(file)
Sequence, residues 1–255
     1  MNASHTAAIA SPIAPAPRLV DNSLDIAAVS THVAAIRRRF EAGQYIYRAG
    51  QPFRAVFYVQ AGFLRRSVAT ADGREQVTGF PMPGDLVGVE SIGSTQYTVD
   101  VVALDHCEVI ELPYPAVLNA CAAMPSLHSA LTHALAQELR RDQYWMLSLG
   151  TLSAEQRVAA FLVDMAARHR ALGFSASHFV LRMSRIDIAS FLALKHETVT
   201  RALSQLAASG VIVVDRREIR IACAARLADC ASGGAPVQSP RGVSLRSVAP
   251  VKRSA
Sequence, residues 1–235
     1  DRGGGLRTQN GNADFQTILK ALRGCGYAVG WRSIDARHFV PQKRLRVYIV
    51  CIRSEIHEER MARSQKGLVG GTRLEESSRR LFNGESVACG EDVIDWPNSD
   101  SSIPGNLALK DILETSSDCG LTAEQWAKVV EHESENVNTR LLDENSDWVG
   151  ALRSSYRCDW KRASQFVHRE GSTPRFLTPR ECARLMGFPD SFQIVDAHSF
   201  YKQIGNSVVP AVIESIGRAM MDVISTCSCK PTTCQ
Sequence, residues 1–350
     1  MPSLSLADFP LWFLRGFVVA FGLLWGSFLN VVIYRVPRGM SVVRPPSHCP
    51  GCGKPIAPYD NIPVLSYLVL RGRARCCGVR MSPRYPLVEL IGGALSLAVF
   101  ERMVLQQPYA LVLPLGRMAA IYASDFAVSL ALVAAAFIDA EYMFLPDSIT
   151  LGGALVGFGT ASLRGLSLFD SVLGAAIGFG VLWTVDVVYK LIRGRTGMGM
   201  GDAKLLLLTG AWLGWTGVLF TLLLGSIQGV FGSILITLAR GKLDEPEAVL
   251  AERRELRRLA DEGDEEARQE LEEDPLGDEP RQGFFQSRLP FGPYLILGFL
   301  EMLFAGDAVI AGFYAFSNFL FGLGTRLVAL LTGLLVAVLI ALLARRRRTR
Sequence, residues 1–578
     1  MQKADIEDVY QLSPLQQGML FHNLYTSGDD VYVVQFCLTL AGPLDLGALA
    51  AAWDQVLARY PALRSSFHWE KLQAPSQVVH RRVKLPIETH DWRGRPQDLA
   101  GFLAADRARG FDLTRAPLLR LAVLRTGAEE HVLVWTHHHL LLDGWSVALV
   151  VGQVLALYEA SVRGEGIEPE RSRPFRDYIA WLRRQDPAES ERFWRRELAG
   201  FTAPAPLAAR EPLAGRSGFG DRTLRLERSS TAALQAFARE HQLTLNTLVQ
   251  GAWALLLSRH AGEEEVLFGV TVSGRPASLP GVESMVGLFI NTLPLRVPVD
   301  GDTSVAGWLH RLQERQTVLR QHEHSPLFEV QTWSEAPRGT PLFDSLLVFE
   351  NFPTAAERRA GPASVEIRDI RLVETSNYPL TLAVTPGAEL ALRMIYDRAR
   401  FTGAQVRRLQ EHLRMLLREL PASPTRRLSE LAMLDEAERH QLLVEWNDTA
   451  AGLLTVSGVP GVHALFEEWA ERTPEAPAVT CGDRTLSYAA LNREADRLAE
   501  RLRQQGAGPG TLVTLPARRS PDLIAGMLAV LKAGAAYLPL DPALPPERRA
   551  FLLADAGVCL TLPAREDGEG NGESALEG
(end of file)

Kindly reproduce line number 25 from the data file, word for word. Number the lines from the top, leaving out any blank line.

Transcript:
   101  GFLAADRARG FDLTRAPLLR LAVLRTGAEE HVLVWTHHHL LLDGWSVALV